Should You Buy a Home in 2022? Here’s Why You Should Wait Until Next Year

Here’s why you should consider waiting until 2023 to buy a home.

edit Back view of hugging couple standing with real estate agent in front of house for sale

Image source: Getty Images

We all just want a place to call our own, right? A little two-bed, one-and-a-half bath with a sizable backyard, maybe a pool or fireplace, or — if we’re dreaming — a balcony with a beautiful view of the water.

Of course, these days, carving out a little slice of the real estate pie comes with a hefty cost — far more than many Canadians can afford. More so than that, it seems every month, home prices continue to climb, which can make you feel anxious and restless and even guilty at having waited so long to buy a home.

But don’t let that make you despair. Though home prices are climbing, the rate at which they are rising is starting to decelerate. Already, more sellers are entering the market, helping to restock an exhausted home supply shortage. And though it’s unlikely homes will lose immense value anytime soon, it’s possible that some regions will see a decline in prices in 2023 and 2024.

That said, if you’re looking to buy a home in 2023, but you don’t absolutely need a home, here’s why I would wait to buy.

Potentially less competition (and lower prices)

Perhaps the tallest hurdle stopping homebuyers is the price of a home itself. The average home price has risen to $816,720 — a 20% increase year over year, with some cities seeing average prices climb far above $1 million.

But outrageously high home prices could work in homebuyers’ favour, at least over the long run. As Oxford Economics noted, less affordability will only decrease the pool of prospective homebuyers. As more and more homebuyers leave the market, exuberant demand will begin to cool off. That, in turn, could deflate home prices, as supply begins to meet demand once more.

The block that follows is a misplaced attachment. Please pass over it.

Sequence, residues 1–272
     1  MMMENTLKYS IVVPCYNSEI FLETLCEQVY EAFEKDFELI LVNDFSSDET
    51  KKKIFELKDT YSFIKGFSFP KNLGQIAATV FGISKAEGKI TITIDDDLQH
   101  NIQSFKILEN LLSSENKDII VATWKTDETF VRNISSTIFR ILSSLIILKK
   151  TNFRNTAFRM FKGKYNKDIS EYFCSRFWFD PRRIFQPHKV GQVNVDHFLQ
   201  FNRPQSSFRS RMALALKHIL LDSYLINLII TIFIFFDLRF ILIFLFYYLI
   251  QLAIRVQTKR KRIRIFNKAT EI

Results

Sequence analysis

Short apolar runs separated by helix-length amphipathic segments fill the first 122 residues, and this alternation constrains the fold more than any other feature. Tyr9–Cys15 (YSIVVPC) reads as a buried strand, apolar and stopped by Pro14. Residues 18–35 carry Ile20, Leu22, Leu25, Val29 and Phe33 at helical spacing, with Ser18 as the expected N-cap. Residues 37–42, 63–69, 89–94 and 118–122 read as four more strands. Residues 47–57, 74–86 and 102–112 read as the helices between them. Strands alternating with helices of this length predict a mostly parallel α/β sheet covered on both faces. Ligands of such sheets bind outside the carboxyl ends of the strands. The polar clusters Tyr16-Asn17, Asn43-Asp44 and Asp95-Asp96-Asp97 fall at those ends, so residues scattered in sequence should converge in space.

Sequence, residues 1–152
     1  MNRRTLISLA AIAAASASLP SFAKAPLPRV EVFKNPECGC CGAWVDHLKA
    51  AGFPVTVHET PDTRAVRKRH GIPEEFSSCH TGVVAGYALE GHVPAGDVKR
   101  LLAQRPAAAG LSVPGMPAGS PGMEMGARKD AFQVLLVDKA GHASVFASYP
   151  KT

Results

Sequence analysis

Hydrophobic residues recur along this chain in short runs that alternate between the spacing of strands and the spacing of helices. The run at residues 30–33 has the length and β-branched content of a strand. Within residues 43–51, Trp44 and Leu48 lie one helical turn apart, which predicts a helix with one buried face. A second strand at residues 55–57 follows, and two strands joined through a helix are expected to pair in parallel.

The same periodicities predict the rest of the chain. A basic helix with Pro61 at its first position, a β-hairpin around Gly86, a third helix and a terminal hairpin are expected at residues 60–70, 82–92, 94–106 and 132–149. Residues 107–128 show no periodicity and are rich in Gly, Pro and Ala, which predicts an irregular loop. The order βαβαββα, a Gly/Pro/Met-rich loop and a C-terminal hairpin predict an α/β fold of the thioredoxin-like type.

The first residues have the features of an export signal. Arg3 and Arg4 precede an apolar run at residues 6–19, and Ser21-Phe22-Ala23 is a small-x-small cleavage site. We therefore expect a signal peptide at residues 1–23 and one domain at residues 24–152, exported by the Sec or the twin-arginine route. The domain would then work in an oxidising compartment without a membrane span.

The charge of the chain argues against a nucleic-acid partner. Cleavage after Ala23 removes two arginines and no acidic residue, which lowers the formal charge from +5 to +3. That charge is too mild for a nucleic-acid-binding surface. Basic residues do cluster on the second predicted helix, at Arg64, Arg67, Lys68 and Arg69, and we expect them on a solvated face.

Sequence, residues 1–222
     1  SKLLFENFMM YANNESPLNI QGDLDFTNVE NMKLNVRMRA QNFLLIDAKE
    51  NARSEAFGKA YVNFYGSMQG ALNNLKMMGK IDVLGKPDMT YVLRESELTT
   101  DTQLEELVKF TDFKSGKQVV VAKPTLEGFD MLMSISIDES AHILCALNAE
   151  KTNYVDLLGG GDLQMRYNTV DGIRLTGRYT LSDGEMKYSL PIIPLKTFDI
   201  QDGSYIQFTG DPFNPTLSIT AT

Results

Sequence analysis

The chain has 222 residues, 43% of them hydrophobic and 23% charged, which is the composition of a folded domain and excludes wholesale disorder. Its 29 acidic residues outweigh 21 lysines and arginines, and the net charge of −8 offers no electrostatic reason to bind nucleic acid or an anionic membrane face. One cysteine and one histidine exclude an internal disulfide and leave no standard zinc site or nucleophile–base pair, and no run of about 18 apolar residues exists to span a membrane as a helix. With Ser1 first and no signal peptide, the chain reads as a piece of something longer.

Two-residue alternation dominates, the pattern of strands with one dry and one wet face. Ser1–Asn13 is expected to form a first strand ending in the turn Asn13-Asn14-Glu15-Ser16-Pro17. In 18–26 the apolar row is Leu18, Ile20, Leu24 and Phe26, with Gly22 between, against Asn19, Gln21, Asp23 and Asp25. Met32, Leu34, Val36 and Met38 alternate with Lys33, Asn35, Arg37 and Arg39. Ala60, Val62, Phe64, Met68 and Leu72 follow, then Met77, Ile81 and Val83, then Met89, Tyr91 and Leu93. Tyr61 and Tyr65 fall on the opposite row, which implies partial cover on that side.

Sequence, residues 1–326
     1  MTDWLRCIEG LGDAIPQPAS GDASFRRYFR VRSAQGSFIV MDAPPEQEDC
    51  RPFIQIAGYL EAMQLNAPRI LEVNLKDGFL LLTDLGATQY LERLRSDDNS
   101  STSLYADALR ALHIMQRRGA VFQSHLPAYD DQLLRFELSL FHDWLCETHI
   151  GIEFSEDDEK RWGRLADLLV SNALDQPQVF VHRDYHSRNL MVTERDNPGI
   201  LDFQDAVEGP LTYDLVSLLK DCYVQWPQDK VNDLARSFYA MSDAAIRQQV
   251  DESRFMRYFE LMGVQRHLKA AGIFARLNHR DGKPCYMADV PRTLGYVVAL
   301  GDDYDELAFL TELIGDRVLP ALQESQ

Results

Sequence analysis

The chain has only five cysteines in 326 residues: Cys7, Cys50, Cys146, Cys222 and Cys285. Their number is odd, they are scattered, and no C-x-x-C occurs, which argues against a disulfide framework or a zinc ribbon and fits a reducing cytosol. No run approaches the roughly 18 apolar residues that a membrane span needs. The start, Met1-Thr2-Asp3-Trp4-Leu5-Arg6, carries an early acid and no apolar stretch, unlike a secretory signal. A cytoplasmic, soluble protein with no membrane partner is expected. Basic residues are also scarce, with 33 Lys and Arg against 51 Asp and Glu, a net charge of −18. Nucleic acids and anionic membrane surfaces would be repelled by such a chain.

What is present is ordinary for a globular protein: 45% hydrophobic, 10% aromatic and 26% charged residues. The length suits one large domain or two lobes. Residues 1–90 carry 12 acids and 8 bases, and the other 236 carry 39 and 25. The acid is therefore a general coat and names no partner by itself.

If this plays out right, home prices could drop by 24% by the summer of 2024. Of course, even if prices dropped by that much, they would still be 15% higher than pre-pandemic years. Even so, taking a quarter percentage off the price of a home can mean immense savings, especially in markets where $1 million is the norm.

Save more money

Perhaps the best reason to put off buying a home is to save more money for your down payment, closing costs, and other hidden fees associated with buying a home.

And trust me — they can add up. Legal fees, land-transfer taxes, mortgage default insurance, home inspection fees (if you choose to get one), not to mention property taxes and insurance when you actually buy the house. By good estimates, you’ll need around 1.5% to 4% of the purchase price to cover closing costs. For the average price of a home ($816,720), you would pay $12,250 at 1.5%, or $32,669 at 4% for closing costs alone.

That’s a hefty sum. And it’s not one many Canadians can whip up in a short amount of time. Even if you have a solid down payment, you might still need some time to set aside cash for these costs.

Of course, then there’s your down payment. You’ll need to pay at least 5% on the first $500,000 and 10% on the sum between $500,000 to $999,999. Any higher than that, and you’ll need 20% of the purchase price.

Delaying your home purchase could help you save the amount you need, helping you avoid debt. And if Oxford Economics is right and home prices go down, you’ll have the double benefit of having more savings to cover decreasing costs.

This article represents the opinion of the writer, who may disagree with the “official” recommendation position of a Motley Fool premium service or advisor. We’re Motley! Questioning an investing thesis — even one of our own — helps us all think critically about investing and make decisions that help us become smarter, happier, and richer, so we sometimes publish articles that may not be in line with recommendations, rankings or other content.

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